It’s an amazing letter, isn’t it? But here’s the shocking part. Dave always dates his notes—and this one is dated Feb 7, 2007. That’s six weeks before my big surrender in March of that year when I finally did walk into the light, tell the truth about my alcoholism, and reach for help.
How on earth could my husband have written such a note during what were in retrospect the darkest days of our marriage and of my alcoholism? I drank to black out almost every night. I physically attacked Dave in drunken rages and often woke up in the guest room.
How could he have written that I “grace” him? How could I not even remember ever getting this letter?
Seven and a half years later, I think two things are true. Part of Dave must have sensed that I was nearing a breaking point, on the verge of a huge shift. But more important, I now realize that it probably wouldn’t have happened when it did if Dave hadn’t done what he did in this note.
Which was to see past my monsterish behavior to the hurting girl who was trapped inside. Which was to say to me, “I see you, Heather. I know you’re in there. I know this isn’t who you really are or what you really want. I believe in the better you.”
By some miracle, my heart must have heard him, even if my head didn’t know it.
So I guess I’m sharing this note as a way of reminding you, and maybe inspiring you, that if it is at all possible (it might not be for you right now), one of the kindest and most powerful ways you can help an alcoholic or addict—or for that matter, anyone you love—is to look past the ugly actions that come from their wounded places and affirm the goodness of who they really are underneath.
I think that’s what Dave did for me. Of course, loving a broken person toward their better self can seem like a herculean task. I so get that. But I know if Dave was here, and I showed him this note, he’d agree. With God’s help, anything is possible. And inside every monster is a miracle waiting to happen.
P.S. I’d love to hear from you today. I’m not sure if I’m done with summer break, so let’s just agree that while I’m trying to get pregnant with a next book (God’s not really cooperating :)), I’m bound to be sporadic on my blog. Love and miss you guys.
P.S.S. In case you’re interested, here’s a link to Dave’s Q and A he did for my blog a while back.(Warning: super cute picture of him).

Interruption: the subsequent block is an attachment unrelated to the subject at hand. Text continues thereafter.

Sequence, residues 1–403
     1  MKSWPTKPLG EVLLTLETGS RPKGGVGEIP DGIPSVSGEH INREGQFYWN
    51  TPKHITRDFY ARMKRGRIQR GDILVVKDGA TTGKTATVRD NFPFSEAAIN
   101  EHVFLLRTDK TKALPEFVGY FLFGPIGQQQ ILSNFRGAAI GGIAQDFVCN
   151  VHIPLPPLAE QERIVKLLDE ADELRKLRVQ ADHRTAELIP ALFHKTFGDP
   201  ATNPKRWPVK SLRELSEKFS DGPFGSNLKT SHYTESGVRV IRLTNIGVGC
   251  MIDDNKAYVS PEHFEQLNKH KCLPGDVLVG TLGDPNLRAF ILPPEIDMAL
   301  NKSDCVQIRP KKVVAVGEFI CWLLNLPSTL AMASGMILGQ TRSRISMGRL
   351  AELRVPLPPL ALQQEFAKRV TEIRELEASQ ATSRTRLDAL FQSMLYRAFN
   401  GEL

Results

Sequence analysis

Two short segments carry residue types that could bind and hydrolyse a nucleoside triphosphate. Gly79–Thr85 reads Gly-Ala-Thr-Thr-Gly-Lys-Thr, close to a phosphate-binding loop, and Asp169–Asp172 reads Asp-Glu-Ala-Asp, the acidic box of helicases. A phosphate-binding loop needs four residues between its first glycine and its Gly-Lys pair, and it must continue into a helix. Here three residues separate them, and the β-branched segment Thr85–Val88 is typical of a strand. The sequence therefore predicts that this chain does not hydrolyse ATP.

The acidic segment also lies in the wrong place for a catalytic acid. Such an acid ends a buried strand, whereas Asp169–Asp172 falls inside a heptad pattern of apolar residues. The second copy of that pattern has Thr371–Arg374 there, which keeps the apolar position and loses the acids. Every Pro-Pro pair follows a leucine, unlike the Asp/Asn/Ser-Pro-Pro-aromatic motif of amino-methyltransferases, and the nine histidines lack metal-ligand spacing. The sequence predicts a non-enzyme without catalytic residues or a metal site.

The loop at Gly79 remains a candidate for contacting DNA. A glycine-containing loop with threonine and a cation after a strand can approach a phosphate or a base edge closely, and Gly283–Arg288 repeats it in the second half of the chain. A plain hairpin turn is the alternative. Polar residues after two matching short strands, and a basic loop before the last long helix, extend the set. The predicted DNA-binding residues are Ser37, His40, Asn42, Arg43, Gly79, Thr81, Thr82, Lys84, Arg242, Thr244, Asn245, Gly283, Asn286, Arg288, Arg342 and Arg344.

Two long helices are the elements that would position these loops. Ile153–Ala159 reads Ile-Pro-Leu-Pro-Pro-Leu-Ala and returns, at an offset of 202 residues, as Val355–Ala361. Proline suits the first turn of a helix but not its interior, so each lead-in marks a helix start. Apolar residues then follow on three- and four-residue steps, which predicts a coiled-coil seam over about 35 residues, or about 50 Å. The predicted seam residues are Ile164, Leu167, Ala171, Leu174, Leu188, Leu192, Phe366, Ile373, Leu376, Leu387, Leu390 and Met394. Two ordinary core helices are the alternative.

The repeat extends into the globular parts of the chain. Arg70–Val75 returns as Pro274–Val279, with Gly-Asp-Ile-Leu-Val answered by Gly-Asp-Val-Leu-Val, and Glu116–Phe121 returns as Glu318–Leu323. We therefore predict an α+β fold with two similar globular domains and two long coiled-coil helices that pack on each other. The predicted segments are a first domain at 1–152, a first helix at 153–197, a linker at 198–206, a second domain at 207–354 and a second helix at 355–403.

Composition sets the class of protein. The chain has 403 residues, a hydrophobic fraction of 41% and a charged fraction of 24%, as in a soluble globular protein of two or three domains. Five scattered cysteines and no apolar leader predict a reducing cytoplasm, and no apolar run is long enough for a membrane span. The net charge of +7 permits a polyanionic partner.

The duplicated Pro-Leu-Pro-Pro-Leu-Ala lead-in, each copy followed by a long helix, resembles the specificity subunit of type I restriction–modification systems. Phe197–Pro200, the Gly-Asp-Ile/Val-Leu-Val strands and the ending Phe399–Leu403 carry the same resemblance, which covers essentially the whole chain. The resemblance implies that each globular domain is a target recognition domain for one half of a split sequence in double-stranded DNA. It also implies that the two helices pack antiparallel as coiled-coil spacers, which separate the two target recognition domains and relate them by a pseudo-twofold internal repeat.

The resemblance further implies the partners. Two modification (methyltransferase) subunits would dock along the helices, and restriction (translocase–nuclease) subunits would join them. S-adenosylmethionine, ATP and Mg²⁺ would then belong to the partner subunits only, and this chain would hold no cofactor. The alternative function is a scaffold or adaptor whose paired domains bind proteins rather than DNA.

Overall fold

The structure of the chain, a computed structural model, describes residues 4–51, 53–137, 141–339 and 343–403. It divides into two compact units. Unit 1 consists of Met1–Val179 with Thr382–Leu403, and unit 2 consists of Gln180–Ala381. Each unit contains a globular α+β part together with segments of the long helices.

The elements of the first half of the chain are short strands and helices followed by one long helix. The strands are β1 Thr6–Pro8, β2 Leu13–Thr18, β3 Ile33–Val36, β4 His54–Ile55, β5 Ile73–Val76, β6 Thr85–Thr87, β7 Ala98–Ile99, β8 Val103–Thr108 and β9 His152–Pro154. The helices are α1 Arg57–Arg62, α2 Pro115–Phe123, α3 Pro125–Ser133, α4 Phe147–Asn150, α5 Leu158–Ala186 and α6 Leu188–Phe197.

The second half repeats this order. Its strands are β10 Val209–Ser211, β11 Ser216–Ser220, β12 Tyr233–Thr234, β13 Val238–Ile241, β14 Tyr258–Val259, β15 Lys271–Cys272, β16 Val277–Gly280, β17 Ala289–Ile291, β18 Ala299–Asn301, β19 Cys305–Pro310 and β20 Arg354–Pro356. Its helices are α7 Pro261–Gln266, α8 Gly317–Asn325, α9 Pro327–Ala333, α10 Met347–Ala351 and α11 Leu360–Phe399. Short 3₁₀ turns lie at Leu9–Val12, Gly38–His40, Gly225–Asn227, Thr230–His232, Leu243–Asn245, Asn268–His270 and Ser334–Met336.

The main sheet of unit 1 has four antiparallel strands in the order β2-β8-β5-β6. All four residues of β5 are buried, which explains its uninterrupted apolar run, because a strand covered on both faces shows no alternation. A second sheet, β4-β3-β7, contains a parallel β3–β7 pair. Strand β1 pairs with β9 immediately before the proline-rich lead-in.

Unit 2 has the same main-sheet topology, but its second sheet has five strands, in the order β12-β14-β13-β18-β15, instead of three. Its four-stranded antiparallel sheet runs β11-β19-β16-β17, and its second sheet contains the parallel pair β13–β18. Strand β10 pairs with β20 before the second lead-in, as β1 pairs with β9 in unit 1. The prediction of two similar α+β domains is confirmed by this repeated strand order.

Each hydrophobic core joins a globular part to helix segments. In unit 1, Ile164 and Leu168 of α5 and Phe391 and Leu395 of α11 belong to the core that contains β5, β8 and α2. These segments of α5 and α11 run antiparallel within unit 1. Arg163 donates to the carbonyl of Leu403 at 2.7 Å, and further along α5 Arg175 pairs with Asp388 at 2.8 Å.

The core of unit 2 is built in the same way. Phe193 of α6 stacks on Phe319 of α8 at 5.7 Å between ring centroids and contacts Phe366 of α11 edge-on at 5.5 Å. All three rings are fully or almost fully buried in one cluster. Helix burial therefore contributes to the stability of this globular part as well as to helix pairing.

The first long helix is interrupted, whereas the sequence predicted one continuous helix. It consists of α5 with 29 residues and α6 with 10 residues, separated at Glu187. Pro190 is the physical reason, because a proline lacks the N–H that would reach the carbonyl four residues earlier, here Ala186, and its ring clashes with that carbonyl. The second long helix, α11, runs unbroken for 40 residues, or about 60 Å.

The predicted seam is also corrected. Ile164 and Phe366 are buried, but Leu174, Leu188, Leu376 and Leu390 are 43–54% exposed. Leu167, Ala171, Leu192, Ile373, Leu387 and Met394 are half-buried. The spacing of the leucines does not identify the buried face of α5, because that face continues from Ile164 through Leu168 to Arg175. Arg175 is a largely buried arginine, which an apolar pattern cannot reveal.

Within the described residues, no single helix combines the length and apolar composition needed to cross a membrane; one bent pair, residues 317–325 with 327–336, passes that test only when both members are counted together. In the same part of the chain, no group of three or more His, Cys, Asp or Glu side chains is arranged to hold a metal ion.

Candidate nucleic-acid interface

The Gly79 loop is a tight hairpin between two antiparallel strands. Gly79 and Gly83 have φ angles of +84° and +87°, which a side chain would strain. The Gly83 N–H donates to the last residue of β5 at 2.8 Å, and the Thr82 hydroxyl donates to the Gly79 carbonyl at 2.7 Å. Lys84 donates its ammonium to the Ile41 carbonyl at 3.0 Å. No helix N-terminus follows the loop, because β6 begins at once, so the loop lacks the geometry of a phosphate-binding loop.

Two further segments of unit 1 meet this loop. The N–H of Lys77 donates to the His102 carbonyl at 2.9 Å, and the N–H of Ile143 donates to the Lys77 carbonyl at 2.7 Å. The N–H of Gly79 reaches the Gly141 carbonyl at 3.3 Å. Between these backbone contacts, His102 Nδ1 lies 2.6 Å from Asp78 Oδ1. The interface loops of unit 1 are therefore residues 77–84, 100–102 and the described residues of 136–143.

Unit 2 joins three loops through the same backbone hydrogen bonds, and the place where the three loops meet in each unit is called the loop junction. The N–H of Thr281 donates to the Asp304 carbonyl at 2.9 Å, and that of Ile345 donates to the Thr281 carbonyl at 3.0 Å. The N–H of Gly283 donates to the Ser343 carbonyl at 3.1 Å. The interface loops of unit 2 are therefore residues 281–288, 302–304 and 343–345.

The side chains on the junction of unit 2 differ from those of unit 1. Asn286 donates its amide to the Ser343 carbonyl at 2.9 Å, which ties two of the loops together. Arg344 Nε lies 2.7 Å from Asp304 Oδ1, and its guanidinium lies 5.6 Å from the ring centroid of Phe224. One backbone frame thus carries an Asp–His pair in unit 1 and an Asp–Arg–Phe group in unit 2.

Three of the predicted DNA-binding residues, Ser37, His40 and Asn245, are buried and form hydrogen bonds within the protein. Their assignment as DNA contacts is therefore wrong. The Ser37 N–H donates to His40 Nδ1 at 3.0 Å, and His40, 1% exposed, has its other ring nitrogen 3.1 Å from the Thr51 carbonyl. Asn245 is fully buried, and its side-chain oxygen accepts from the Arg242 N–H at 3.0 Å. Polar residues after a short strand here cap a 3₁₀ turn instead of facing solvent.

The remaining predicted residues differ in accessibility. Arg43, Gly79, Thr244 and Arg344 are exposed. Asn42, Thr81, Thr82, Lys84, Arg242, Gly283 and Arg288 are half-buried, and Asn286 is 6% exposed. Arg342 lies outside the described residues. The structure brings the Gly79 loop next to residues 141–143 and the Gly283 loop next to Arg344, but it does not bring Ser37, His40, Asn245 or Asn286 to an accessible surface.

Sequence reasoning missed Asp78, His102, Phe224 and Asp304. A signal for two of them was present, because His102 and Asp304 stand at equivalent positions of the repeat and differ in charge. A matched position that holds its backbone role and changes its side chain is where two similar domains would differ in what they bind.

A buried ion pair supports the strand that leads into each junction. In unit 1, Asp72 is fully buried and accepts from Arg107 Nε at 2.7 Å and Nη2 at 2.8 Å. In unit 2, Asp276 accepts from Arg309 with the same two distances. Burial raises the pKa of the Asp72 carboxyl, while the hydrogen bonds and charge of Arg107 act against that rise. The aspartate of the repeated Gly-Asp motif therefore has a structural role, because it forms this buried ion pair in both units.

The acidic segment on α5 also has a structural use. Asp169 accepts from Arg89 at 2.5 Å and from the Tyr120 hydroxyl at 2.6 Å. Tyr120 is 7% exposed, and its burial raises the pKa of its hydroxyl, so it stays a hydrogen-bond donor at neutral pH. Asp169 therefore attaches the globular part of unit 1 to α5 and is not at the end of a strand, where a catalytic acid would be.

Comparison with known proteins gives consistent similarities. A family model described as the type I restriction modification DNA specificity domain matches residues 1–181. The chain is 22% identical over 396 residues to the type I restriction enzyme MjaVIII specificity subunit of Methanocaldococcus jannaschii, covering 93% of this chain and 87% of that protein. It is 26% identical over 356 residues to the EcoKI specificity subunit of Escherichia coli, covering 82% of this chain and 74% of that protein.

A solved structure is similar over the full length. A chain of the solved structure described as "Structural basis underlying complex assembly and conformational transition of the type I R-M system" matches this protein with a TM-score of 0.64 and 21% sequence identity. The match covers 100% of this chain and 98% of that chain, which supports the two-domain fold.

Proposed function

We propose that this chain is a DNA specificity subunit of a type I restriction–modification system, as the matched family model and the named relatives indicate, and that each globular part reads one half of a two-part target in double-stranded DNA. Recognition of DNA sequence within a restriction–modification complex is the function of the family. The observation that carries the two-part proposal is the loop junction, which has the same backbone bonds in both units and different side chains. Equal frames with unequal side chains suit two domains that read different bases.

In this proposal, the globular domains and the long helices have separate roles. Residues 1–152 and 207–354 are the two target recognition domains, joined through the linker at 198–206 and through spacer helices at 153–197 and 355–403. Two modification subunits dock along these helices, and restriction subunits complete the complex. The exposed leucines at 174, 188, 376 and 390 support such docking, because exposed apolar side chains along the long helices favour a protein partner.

I don’t know about you guys, but I excel at spiritual insights I can’t manage to implement. No matter how hard I try, the gap between what I know in my head and how I live that out keeps getting bigger.
I know it’s a human thing, not a Heather thing. But sometimes it bums me out.
Last week, though, a chance encounter with an old friend shifted my perspective a bit. I hadn’t seen him for ages and was anxious to catch up. For the past year or so, he told me, he’d felt certain God was preparing him for a specific role in a particular ministry.
A few weeks ago, they hired someone else. “It felt like the bottom dropped out of my life,” he explained. “I ended up sobbing on the floor in front of my wife.”
His honesty surprised me. In the past, I think pride would have kept him from disclosing such a personal disappointment. He would have put on a brave face for everyone but his wife.
Instead, I’ve never seen him more relaxed, real, and open. At one point he said, “I don’t understand God. I don’t get life. I don’t get how any of it works, anymore.”
But he said this without a trace of bitterness, and even with some relief. The longer we spoke, the clearer it was to me that my friend had undergone a huge surrender. He’s been forced to let go of a dream, to relinquish spiritual certainties, and to accept that God’s will is infinitely mysterious—and often, disappointing to us.
And yet, I’m tempted to say he seemed happy. Not the kind of happy that comes from getting what you want, but the kind that comes from giving up on what you want altogether.
As tough as that sounds, I almost felt jealous. It made me want to undergo a similar humongous surrender.
But not really, of course. Because surrender itself is bloody, hard work. What I really want is to live in the aftermath of surrender. That peaceful place where you’re finally okay with whatever happens to you or doesn’t. You have nothing left to lose because you’ve let it all go. No one can hurt your pride because there’s none left to protect.
Let’s be honest, though. Most of us experience only a handful of these kinds of huge surrenders in our lifetime. One of my biggest came in 2007 when I finally became willing to get help for my alcoholism.
Since then, it’s been a series of smaller but necessary surrenders. I say, necessary, because as much as I try to abandon myself entirely to God every morning—I tend to renegotiate as the day unfolds.
As some of you know from a previous post, God’s been encouraging me lately to “quit deeper.” At first, I thought this would look like something really big. A major surrender to rock my world.
Instead, it’s turning out to be a series of small relinquishments and capitulations: How can I let go here? What do I need to accept? What would giving up look like?
But maybe that’s okay. Maybe “quit deeper” happens one small shovel of surrender at a time. And maybe the gap between my best intentions and my ability to carry them out is part of God’s plan, too.